The exchange that incomparably caught our ear begins about sixteen minutes in. A caller from Keyport, New Jersey posed a semi-murky question:
CALLER (12/14/04): Good morning. I have a question on Social Security. I thought—I thought years ago, when Social Security taxes were raised, part of the money was supposed to be set aside to pay for future benefits. So would the presidents private accounts really have as big an impact as youre suggesting? I thought Social Security was no longer pay-as-you-go.The caller referred to the 1983 hike in payroll taxes, long described as an attempt to pre-pay the costs of baby boomers retirement. But it was Crutsingers answer that caught our attention. The scribe offered another of the alarming-but-illogical images that have long ruled the SS debate. Its important to look at one part of what he said. Youre going to hear it said often:
CRUTSINGER (continuing directly): No, unfortunately, it is pay-as-you-go. The money is being set aside in a trust fund which is growing, but unfortunately the government is taking the $100 billion surplus or so every year and spending the money so that it lowers the overall deficit, and it is putting an IOU, essentially, in the Social Security trust fund. But when the Day of Reckoning comes—and thats around 2018, when the amount of money being collected in payroll taxes will not be enough to cover all of the benefits—theyre going to have to go to the trust fund and guess what? Theres no money there. So what theyll do at that time is that theyll either cut benefits, raise taxes or borrow more to pay for the benefits that are there. So theyll have to come up with real money by 2018 because thats when there will start to be a gap in the amount being paid in every year and the amount that theyre paying out every year.Sounds bad! Indeed, it sounds a bit like Doomsday! According to Crutsinger, the Day of Reckoning comes in 2018. At that time, the government will have to cut benefits, raise taxes or borrow more money if it wants to pay back SS.
As always, lets start with basic points of agreement. According to current projections, 2018 is roughly the point at which payroll taxes will fall short of the amount needed to pay SS benefits. And that will be the year when the SS trustees will have to turn to that trust fund. But everything Crutsinger says after that is based on false logic and scary imagery. He applies standards to the repayment of loans from SS that he applies nowhere else.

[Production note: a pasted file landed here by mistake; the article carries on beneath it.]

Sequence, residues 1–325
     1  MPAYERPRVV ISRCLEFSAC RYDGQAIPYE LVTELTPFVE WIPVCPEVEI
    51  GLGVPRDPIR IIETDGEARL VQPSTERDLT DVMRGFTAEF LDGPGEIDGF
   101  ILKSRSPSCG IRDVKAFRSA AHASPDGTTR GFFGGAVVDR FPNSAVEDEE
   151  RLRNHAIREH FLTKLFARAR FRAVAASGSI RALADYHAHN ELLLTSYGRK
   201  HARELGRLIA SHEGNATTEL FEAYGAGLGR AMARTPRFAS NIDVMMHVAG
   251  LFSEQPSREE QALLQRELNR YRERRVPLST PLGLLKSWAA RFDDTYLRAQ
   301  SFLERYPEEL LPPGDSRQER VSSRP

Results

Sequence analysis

In 2018, will Congress have to cut benefits, raise taxes, or borrow more to pay back its loans from SS? It will almost surely borrow more money that year. But guess what? Thats what Congress does all the time when it pays back money it has borrowed! This year, for example, the federal government is paying back many past loans—and yes, its borrowing lots more money as it does so. This is a wholly normal practice—and it never enters any discussion until the question of SS comes up. Then we act like this is a frightening matter—and a reason to revamp SS.
How does government borrowing work? As Crutsinger notes, Congress is currently borrowing about $100 billion per year from the SS trustees. But that isnt the only money it borrows; this year, for example, Congress will borrow about $400 billion beyond that, from a wide assortment of individuals and entities. And guess what? All that $400 billion will be paid back—but no one presents scary images about raising taxes or borrowing more when we talk about repaying that money. That $400 billion will be repaid—and there is absolutely no reason why the $100 billion from SS cant be repaid too. And no, there will be no need to cut benefits to pay back SS. Congress can simply pay back the SS trustees the same way it pays everyone else.